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Tuesday, January 31, 2017

STABILISERS PART 1

Envoy is in Lefkas Marina for the northern hemisphere winter and we are home for the New Zealand summer returning to Lefkas during April.

This posting is based around an article I've written for Pacific MotorBoat magazine.

In pre-Envoy days boating around Auckland's Hauraki Gulf we owned several planing boats culminating in a 40 ft Oliver Royale GRP planing boat with twin Yanmar diesel shaft drives. We never then considered rolling to be an issue, however we realised very soon after buying our Nordhavn 46, Envoy, that full-displacement hulls are another matter, definitely requiring stabilisation to provide acceptable levels of comfort and safety when cruising moderate distances in beam seas higher than about one metre. I'm sure there are reasons for this that a boat designer could properly articulate. As much as I know is that in slight to moderate seas the flatter hull sections of a planing boat resist rolling to a greater extent than the rounded sections of a displacement boat. Also I have found that a fast boat on the plane seems to sit quite comfortably on beam waves without too much roll. On the negative side I understand that planing boats can roll dangerously in heavy beam seas and are more prone to capsize than ballasted displacement hulls like the Nordhavn. Additionally planing hulls pound when their flat sections hit waves, whereas the rounded sections of displacement hulls rise and fall more gracefully with greatly reduced noise and violent motion.

In our experience a planning boat like our previous 40 ft Oliver Royale doesn't roll under way to the extent that a displacement hull does

What follows isn't a technical treatise but comments based on cruising thousands of miles using Envoy's three stabilisation systems.

Stabilisers have been used for many years aboard commercial vessels but aboard pleasure craft only for about the last 40 years, considerably reducing rolling motion in beam seas, but with minimal effect on pitching caused by seas on the bow or stern.
Now some reader is bound to think “buy a catamaran and you won't have a problem” and I'd be the first to agree you've got a lesser problem, but we've met many folks who complain about their cat's motion both under way and at rest. Of course this is either better or worse depending on their design, as with monohulls.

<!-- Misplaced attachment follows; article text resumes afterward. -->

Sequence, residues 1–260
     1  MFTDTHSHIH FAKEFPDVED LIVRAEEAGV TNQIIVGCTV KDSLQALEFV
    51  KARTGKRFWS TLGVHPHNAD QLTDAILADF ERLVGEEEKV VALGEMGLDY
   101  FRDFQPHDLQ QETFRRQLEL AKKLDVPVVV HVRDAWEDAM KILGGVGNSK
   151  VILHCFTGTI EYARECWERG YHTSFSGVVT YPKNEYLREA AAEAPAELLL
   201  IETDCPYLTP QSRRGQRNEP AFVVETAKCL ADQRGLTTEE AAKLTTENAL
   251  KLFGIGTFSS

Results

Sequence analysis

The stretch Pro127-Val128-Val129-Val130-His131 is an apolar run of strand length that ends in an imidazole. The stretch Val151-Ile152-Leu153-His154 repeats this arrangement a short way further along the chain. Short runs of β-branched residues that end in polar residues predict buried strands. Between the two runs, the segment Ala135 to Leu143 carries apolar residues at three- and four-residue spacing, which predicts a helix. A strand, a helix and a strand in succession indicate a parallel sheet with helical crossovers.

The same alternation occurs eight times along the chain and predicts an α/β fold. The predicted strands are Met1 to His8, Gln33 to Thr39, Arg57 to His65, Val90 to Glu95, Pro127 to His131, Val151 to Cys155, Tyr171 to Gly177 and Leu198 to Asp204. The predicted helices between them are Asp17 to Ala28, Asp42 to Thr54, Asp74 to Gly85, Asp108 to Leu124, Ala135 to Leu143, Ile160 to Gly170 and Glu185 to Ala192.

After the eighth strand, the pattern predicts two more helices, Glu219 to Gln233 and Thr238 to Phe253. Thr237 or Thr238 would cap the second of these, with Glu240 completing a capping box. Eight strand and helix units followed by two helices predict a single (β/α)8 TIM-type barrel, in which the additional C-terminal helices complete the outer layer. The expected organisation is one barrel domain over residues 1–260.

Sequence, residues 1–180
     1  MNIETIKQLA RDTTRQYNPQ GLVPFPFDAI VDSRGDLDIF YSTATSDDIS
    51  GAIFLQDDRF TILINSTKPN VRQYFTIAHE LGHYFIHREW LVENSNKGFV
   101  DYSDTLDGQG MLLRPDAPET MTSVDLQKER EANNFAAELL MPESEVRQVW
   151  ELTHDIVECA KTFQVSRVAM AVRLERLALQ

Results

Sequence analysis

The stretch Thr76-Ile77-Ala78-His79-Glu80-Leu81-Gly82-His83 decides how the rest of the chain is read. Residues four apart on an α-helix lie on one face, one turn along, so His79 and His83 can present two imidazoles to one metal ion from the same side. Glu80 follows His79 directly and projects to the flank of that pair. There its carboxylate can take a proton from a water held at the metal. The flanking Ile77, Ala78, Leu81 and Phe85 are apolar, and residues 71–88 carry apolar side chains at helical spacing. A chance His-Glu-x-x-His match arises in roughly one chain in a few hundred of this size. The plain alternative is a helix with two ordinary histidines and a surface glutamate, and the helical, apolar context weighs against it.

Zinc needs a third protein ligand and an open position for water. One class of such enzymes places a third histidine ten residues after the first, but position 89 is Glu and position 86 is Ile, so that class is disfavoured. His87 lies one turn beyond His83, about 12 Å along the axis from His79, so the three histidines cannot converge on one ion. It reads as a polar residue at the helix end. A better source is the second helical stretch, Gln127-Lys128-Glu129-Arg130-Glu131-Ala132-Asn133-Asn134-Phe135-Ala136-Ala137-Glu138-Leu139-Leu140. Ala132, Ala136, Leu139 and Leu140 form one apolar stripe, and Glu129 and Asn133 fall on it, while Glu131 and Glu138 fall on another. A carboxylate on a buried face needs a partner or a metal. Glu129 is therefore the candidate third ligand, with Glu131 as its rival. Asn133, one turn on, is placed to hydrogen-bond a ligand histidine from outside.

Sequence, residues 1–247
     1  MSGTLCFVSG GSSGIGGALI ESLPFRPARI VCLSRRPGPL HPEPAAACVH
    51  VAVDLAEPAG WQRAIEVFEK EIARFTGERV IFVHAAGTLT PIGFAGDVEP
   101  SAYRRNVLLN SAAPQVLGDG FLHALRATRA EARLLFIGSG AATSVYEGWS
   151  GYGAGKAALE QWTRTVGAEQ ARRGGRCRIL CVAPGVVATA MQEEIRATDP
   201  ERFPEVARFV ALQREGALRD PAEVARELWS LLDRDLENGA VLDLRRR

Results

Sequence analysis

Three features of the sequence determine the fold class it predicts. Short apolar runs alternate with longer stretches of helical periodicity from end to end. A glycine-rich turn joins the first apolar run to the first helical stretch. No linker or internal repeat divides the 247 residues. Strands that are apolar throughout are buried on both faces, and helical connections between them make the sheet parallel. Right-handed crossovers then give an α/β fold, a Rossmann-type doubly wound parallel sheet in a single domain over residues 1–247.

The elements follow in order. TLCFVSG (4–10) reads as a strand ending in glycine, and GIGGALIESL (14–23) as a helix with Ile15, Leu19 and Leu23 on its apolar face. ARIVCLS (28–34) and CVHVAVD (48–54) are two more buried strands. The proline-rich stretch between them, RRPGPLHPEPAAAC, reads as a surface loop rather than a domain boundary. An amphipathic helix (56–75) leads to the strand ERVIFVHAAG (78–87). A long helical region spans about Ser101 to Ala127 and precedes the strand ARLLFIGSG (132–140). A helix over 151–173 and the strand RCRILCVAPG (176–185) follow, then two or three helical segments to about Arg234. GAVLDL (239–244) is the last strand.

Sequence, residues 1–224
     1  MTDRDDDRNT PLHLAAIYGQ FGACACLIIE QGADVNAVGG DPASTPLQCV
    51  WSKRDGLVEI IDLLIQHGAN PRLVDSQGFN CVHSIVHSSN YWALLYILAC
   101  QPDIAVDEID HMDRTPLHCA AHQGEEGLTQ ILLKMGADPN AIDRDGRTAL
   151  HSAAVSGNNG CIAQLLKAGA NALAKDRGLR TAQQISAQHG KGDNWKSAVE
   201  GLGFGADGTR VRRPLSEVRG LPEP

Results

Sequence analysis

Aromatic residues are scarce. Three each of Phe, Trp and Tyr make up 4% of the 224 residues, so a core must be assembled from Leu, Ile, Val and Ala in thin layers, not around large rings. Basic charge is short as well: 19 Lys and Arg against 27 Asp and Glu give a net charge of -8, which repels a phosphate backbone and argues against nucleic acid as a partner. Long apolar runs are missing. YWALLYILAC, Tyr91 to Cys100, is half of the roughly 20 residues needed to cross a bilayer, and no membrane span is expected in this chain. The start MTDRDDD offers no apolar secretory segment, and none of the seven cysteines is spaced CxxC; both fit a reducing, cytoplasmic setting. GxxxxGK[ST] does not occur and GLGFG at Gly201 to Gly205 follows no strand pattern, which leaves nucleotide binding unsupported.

Envoy at anchor with starboard stabiliser pole deployed with flopper-stopper to reduce roll from slight swell. The port pole can be seen in the vertical position

A web search shows many variations of stabilisers, but the mainstream systems fall into three basic types; passive, active and rotary.
We have no experience with rotary stabilisers, which are a more recent development utilising a flywheel contained in a vacuum chamber to provide a gyro effect, but they're reportedly highly effective in roll reduction both under way and at anchor with the advantages of having no protruding parts to cause speed-reducing drag or become fouled. They are able to be retrofitted either amidships or offset to one side, but have a significant investment cost. Presumably, if used for long periods such as overnight at anchor a generator would be needed to provide sufficient power – something we would not want to do.
Envoy has both passive and active stabilisers providing effective stabilisation under way and at anchor.

Envoy with both poles deployed with flopper stoppers to reduce roll at an exposed anchorage with ferry wakes



Next posting will discuss passive stabilisers in detail.




Sunday, January 08, 2017

ATHENS

Happy New Year to our readers from around the world.
Envoy is in Lefkas Marina for the northern hemisphere winter and we are home enjoying the New Zealand summer.

Back to early November and after a very scenic five hour bus trip from Lefkas we stop over one night in Athens on our way home. There are so many ancient ruins in Greece that we see many along the way that aren't even signposted. This is real treat for us coming from NZ where there are hardly any structures over 150 years old.

Our hotel is in the downtown Plaka district close to the Acropolis and next morning we go for a walk in a huge wooded park next to parliament. Historically this park was the gardens of the royal family and parliament was their palace.

On the way back to the hotel we encounter a large and very peaceful demonstration of several thousand older folks carrying placards protesting the pension cuts that have been part of Greece's austerity measures. One retired man tells us his pension was formerly 2,300 Euros (about NZ$3,540) per month and has been progressively cut to 1,200 Euros (about NZ$1,850). Although the cut is obviously huge we cannot help feeling that the pensions were too high in the first place.